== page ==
Brothers and Sisters,
In 1941 President Roosevelt signed into law the celebration of a National Thanksgiving to be on the fourth Thursday of November. Yet, a national day of Thanksgiving had a long history. It goes all the way back to the beginning, long before the U.S. became a country. Appropriately, George Washington, our first U.S. president issued on 3 October 1789, at the request of Congress, our first U.S. Thanksgiving proclamation. It goes as follows:
By the President of the United States of America, a Proclamation.
Whereas it is the duty of all nations to acknowledge the providence of Almighty God, to obey His will, to be grateful for His benefits, and humbly to implore His protection and favor; and—Whereas both Houses of Congress have, by their joint committee, requested me “to recommend to the people of the United States a day of public thanksgiving and prayer, to be observed by acknowledging with grateful hearts the many and signal favors of Almighty God, especially by affording them an opportunity peaceably to establish a form of government for their safety and happiness:”
Now, therefore, I do recommend and assign Thursday, the 26th day of November next, to be devoted by the people of these States to the service of that great and glorious Being who is the beneficent author of all the good that was, that is, or that will be; that we may then all unite in rendering unto Him our sincere and humble thanks for His kind care and protection of the people of this country previous to their becoming a nation; for the signal and manifold mercies and the favor, able interpositions of His providence in the course and conclusion of the late war; for the great degree of tranquility, union, and plenty which we have since enjoyed; for the peaceable and rational manner in which we have been enabled to establish constitutions of government for our safety and happiness, and particularly the national one now lately instituted; for the civil and religious liberty with which we are blessed, and the means we have of acquiring and diffusing useful knowledge; and, in general, for all the great and various favors which He has been pleased to confer upon us.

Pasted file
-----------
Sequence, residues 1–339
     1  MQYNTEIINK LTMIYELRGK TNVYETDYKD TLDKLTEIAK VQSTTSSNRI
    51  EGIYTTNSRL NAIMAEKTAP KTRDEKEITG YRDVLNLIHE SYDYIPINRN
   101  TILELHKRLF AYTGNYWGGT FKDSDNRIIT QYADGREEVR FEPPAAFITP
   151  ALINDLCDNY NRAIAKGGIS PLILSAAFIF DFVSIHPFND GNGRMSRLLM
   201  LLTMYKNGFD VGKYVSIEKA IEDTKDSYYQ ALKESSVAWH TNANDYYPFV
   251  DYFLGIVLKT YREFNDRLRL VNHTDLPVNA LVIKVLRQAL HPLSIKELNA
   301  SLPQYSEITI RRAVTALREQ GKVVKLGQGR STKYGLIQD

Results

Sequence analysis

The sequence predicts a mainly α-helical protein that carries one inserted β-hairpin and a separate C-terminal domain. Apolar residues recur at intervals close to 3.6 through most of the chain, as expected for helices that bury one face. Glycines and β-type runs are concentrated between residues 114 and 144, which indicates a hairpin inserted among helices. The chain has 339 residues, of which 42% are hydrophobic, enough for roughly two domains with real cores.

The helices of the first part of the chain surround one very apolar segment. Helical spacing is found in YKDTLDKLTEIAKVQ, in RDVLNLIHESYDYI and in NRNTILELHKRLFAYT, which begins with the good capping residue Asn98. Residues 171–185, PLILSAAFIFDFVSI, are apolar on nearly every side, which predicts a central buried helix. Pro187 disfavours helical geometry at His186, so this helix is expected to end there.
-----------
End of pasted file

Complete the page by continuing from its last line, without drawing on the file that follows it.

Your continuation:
And also that we may then unite in most humbly offering our prayers and supplications to the great Lord and Ruler of Nations, and beseech Him to pardon our national and other transgressions; to enable us all, whether in public or private stations, to perform our several and relative duties properly and punctually; to render our National Government a blessing to all the people by constantly being a Government of wise, just, and constitutional laws, discreetly and faithfully executed and obeyed; to protect and guide all sovereigns and nations (especially such as have shown kindness to us), and to bless them with good governments, peace, and concord; to promote the knowledge and practice of true religion and virtue, and the increase of science among them and us; and, generally, to grant unto all mankind such a degree of temporal prosperity as He alone knows to be best.
Given under my hand at the City of New York the third day of October in the year of our Lord 1789. Go. Washington
The clear purpose of our holiday of Thanksgiving is in the name: to give thanks to God for “His kind care and protection of the people.” The Lord is gracious and merciful. All we are and all we possess are gifts from him. This month, as we prepare for and celebrate Thanksgiving, remember the Lord’s provision, and give thanks all month long. Our forefathers knew their dependence upon God, and called all Americans to thanksgiving and prayer. Times, of course, have changed. Yet, I pray our current leaders either understand or come to understand this truth. May our prayers not only be for thanks, but for the Lord’s continued blessing on our country. May we pray that the Lord will forgive our country’s sins against him, and turn the citizens of this great land to him in worship and acknowledgement of his great blessings upon us.
Happy Thanksgiving, my friends!